North Korea’s Kim Jong Un Blames South Korea for Increased Mistrust in New Year’s Speech

John Kim, Jan. 1, 2016, 10:08 a.m.


North Korean leader Kim Jong Un blamed South Korea on Friday for increased mistrust in a New Year’s speech after a year of heightened tension between the rival countries. He was ready for war if provoked by “invasive” outsiders, but he stayed away from past threats involving the country’s nuclear weapons and long-range missile ambitions. His comments stuck to well-worn propaganda meant to lift his image for the elite residents of one of the world’s poorest, most closed countries, and could be read as an attempt to keep ties with rivals Washington and Seoul from getting worse so he can try to turn around a bad economy and further solidify his leadership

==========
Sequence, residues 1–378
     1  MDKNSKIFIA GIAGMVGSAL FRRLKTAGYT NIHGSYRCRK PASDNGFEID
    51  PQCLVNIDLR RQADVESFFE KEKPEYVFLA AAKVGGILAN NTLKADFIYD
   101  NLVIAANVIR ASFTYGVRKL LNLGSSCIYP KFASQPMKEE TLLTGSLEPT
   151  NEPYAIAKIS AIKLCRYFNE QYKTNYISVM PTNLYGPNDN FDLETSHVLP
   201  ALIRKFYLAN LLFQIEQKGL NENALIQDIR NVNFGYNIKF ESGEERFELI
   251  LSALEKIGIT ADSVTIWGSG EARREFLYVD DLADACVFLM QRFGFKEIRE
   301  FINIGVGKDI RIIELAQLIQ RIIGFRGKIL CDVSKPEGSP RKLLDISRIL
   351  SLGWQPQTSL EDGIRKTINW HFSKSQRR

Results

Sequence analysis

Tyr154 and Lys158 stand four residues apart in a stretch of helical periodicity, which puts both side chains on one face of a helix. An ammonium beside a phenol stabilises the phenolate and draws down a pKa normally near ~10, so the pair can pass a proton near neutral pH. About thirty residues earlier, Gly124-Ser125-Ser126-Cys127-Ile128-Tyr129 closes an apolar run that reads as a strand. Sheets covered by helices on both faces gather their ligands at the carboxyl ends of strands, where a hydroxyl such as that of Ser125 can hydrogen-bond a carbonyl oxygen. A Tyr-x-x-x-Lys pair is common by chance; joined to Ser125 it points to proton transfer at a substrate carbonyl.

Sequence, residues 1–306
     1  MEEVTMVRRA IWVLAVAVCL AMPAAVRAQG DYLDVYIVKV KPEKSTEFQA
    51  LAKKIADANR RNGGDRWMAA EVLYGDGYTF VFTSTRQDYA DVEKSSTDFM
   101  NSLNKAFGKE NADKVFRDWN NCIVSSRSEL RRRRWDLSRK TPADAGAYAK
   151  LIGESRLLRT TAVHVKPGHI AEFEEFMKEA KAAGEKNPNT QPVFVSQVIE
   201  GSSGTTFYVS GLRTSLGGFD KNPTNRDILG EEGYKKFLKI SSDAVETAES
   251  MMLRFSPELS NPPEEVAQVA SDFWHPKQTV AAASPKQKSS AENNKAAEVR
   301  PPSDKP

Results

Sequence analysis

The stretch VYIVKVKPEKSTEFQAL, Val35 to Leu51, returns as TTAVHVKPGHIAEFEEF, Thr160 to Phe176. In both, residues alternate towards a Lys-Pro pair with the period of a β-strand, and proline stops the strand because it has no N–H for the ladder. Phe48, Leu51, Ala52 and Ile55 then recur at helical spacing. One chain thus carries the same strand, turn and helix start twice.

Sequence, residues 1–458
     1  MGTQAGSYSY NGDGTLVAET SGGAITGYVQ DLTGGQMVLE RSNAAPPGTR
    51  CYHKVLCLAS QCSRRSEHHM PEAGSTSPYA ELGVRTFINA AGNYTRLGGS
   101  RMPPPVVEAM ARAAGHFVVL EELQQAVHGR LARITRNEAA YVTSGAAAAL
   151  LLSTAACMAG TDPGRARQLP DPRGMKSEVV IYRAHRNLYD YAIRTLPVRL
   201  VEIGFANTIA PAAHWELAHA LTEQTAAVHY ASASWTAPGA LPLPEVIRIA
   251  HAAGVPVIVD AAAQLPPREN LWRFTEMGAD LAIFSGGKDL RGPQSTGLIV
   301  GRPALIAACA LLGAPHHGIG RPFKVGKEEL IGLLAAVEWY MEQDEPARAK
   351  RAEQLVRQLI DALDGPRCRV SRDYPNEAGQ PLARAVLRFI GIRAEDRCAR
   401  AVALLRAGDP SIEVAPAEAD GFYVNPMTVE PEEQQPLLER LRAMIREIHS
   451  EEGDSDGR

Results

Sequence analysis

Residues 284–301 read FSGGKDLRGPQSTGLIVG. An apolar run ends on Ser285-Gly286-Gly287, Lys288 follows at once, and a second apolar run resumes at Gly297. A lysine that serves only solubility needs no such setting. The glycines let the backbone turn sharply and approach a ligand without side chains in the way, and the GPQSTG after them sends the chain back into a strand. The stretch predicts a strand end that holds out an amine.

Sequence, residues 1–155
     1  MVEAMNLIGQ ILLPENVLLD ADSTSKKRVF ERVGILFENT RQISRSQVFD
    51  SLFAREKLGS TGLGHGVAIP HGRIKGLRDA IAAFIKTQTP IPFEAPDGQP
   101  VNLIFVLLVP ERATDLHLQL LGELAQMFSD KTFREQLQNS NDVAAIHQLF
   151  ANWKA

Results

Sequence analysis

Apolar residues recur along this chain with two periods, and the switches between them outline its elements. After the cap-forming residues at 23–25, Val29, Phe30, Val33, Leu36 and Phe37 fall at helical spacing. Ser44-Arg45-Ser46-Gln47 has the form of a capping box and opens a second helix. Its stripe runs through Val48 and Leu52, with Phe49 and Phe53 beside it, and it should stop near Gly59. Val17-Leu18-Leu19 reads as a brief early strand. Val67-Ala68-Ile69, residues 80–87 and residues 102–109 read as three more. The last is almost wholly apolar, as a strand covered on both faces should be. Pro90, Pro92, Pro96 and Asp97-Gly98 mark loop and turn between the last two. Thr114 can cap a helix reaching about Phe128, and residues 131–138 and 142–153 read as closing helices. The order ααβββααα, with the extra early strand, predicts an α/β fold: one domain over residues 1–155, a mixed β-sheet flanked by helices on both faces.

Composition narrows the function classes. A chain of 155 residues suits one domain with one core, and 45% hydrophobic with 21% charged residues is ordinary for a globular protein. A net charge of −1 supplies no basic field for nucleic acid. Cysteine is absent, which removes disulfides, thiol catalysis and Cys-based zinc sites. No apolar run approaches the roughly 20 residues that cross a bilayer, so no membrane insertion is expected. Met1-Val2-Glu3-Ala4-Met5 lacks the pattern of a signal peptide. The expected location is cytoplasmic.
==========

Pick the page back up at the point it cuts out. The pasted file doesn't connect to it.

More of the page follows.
While largely repeating the daily propaganda in state-controlled media, Kim’s words will be pored over by analysts for hints about the country’s intentions for the coming year. There is little public information about the inner workings and policy goals of North Korea’s government, which considers democratic South Korea and its ally the United States its enemies and is pursuing a long-range missile that could carry a nuclear warhead to the U.S. mainland.

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